Bob Katter, a third former National and staunch protectionist who wears a gargantuan Akubra hat, is keen on ethanol subsidies, wants to ban the importation of bananas and turn rivers inland. He opposes a price on carbon, but I get the impression he wouldn’t say no to a few wind farm and solar panel factory jobs in his own electorate.

An interesting group, and would you believe they actually give straight answers to questions? Bandt, Oakeshott, Windsor and Katter spoke at the National Press Club in Canberra the week after the election and after listening to them I wondered whether the major parties shouldn’t resign and let this gang run the country for a few years. It was refreshing to be allowed the courtesy of straight talk (and I don’t mean the John McCain version), of being given the information to decide whether one agrees or disagrees with the speaker. All but Katter support a price on carbon emissions, and the highly impressive, passionate and idealistic Oakeshott was able, off the cuff, in less than a minute, to argue the case for action on global warming with a clarity and force which failed Rudd and which Gillard would never even attempt.

These five have turned despair into hope. Along with the major parties, the news media seem threatened by the new paradigm. In political journalism it is pervasive despair and endless conflict, and not stable consensus, which sells papers. The media and the two major parties have a vested interest in Australia’s extraordinarily confrontational political system, in which government and opposition, “the red team and the blue team,” to use Oakeshott’s phrase, yelp at each other across the aisle, and all real decisions are made in the party room, not on the floor of Parliament.

The three country independents have made some great suggestions for improving the worst aspects of Australia’s version of the Westminster system. Oakeshott’s proposal for a unity government, with ministers drawn from both parties, was predictably shot down as pie in the sky, but why should it be? At the moment, Australia’s system of government treats voters like children. The worst problem, and the one the independents intend to fix, is the demise of the local member. The vast majority of electorates are safe seats for one of the major parties. There are no primaries; major party candidates are chosen behind closed doors. Once anointed, and after the formality of an election, an MP becomes a party guy or gal. Government policies are devised in cabinet, behind more closed doors, and the members of the party in power are expected to support those policies without question (in the US, Mitch McConnell seems to have turned Senate Republicans into a de facto parliamentary opposition, the “Party of No”). To cross the aisle and vote against your party is an extremely rare thing, almost as rare as a so-called “conscience vote” in which members are given permission by their party to vote as they see fit. The children, the voters, are expected to believe that the entire party, its members representing whatever diverse constituencies, magically agrees, and that the opposition conveniently disagrees. A prime example is the Labor Party’s moment of no return, its craven abandonment of its own Emissions Trading Scheme, described in my previous article. What put voters off, whether they were greenies like myself or the most recalcitrant skeptic, was the idea that the centre-left party could so suddenly abandon its core policy without the slightest discord. Rudd’s “greatest moral challenge of our time” had been miraculously transformed, without public input, into a political annoyance trivial enough to be determined by, as Gillard proposed, a ludicrous “citizen’s assembly” of 150 typical Australians.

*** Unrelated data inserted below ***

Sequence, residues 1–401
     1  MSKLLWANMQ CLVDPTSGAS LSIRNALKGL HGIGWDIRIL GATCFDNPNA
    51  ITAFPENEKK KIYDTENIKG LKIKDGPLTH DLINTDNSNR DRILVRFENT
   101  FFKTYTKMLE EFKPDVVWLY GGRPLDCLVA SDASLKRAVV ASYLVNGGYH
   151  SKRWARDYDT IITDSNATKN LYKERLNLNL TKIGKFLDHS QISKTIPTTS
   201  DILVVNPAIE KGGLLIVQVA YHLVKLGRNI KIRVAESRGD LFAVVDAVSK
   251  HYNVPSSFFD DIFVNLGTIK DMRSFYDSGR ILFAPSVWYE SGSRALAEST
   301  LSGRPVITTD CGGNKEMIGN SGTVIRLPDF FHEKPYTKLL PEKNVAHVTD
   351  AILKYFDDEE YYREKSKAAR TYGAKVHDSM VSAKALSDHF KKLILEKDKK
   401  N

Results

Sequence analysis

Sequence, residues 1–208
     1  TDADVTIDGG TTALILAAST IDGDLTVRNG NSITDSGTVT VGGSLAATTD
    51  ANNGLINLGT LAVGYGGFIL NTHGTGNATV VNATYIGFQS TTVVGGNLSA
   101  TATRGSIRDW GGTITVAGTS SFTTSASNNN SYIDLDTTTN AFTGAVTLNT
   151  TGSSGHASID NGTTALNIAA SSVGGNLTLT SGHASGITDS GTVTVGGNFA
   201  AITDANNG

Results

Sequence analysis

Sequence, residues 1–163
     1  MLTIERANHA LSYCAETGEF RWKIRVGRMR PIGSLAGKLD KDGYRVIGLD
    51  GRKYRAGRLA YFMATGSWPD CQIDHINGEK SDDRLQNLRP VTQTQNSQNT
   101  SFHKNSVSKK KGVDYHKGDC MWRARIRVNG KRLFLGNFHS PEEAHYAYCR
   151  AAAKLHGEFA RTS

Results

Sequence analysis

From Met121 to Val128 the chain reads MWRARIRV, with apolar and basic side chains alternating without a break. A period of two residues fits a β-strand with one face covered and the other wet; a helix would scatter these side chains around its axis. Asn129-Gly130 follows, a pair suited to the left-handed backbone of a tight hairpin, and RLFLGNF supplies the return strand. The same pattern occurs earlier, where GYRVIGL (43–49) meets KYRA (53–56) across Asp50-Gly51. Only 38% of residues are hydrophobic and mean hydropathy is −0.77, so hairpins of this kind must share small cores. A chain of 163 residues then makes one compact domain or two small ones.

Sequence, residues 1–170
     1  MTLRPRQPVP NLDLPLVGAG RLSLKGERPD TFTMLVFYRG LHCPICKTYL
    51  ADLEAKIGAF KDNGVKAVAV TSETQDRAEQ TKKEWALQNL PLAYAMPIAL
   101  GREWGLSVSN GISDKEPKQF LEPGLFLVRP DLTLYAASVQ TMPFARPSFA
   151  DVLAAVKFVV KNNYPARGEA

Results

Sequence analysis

The result of the election, even before there is an official result, is an unexpected moment of hope, however fragile. Neither Gillard nor Abbott can claim a majority, neither can claim a mandate for their vacuous policies, however hard they try to spin the numbers. Instead, the prospect of genuine reform, of a country governed by a Parliament of 150 thinking adult minds, rather than two parties and their operatives, lies in the hands of an unlikely band of five. Even though the numbers are in their favor, inertia remains stacked against them. At least for the moment it seems possible to hope that things will never be the same.

About the author

Alan Miller

Alan Miller is a graduate of the Sydney University Faculty of Architecture and the Tisch School of the Arts at New York University. A fanatical cyclist, he is a former Sydney Singlespeed Champion. He reports on cycling, film, architecture, politics, photography and various mixtures of the above.